redolent of fanaticism and flakiness and strident anti
commercialism. Mainstream corporate CEOs and CTOs
will never buy "free software,"

manifestos and clenched
fists and all.
But if we take the very same tradition, the
same people, and the same free
software licenses and
change the label to "open source"

that, they'll buy.

The meaning of “free” software

Quick Open Source definition (1)

Open source promotes software reliability
and quality by supporting
independent peer


rapid evolution

of source code.

Quick Open Source Definition (2)

Open source promotes software reliability and
quality by supporting
independent peer

rapid evolution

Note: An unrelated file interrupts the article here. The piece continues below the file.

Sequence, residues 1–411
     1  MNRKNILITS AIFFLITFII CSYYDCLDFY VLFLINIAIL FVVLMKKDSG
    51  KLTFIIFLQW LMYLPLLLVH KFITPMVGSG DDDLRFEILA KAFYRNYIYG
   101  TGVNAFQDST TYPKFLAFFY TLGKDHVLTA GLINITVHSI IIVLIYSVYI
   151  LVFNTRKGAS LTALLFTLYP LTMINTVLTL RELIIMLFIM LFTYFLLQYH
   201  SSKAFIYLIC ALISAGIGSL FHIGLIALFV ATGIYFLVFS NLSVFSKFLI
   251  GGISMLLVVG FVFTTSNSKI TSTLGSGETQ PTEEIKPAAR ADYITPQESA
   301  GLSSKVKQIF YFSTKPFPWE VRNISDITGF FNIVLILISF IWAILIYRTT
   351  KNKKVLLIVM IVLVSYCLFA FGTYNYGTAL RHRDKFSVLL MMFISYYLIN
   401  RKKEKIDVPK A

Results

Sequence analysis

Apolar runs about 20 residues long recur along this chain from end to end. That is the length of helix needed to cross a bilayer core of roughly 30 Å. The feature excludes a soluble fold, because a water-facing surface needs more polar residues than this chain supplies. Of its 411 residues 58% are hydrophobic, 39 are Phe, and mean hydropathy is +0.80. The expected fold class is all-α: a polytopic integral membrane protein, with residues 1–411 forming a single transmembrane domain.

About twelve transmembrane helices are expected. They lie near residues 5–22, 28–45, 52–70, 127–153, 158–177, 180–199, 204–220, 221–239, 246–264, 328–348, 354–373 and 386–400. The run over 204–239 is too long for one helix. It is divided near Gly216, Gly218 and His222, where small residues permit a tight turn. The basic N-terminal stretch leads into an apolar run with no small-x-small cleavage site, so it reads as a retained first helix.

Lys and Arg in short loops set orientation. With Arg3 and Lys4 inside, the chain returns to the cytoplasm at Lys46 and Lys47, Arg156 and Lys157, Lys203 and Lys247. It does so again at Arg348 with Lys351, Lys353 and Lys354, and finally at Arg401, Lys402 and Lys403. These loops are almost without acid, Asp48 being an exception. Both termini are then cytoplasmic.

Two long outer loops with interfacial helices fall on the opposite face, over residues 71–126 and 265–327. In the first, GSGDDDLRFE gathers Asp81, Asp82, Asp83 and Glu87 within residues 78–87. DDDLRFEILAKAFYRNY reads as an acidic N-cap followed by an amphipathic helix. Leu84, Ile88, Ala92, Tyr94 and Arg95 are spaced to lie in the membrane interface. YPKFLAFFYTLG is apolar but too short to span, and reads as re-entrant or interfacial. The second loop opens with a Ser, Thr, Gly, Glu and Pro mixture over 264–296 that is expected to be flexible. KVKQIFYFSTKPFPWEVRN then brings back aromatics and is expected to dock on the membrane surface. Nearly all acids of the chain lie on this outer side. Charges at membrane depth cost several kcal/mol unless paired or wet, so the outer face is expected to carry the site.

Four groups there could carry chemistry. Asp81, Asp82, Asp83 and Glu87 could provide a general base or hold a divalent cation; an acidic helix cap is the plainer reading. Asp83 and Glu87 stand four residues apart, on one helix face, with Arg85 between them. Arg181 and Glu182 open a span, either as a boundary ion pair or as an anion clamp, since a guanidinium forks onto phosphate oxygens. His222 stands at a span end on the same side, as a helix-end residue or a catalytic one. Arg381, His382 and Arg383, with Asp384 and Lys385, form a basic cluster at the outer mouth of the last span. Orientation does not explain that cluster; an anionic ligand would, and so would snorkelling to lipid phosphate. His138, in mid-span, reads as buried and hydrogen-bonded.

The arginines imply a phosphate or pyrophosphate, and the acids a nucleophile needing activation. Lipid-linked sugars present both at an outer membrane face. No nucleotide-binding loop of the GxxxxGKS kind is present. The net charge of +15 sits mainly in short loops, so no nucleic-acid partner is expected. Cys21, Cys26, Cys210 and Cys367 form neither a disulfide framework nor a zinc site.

of source code.
To be OSI certified, the software must be
distributed under a license that guarantees
the right to read, redistribute, modify, and
use the software freely.

The GNU Project

A free Unix
like software system

It is not just an OS, but also







Initially a new kernel to extend Minix

Then it develops by himself

Linux is
just a kernel
, not a complete OS!

GNU Tools + Linux = GNU/Linux

(alternative to GNU/Linux exists: GNU/Hurd for instance)

The cathedral and The bazaar

First worldwide claim of the importance of
free software development


Netscape decides to release Mozilla

The Halloween documents written at Microsoft

Huge media cover!

Famous Open Source Projects

Emacs /GCC/GNU Tools (FSF)

GNU/Linux, FreeBSD, OpenBSD

(Free Unix)

Apache (daemon http, 60% of the web

KDE /GNOME (desktops for Linux)

MySQL (database)

Some [Commercial] Open Source

Mozilla / Netscape: web browser

OpenOffice / StarOffice: MS Office clone

NetBeans / Forte for Java: Java IDE

Darwin / MacOs X : operating system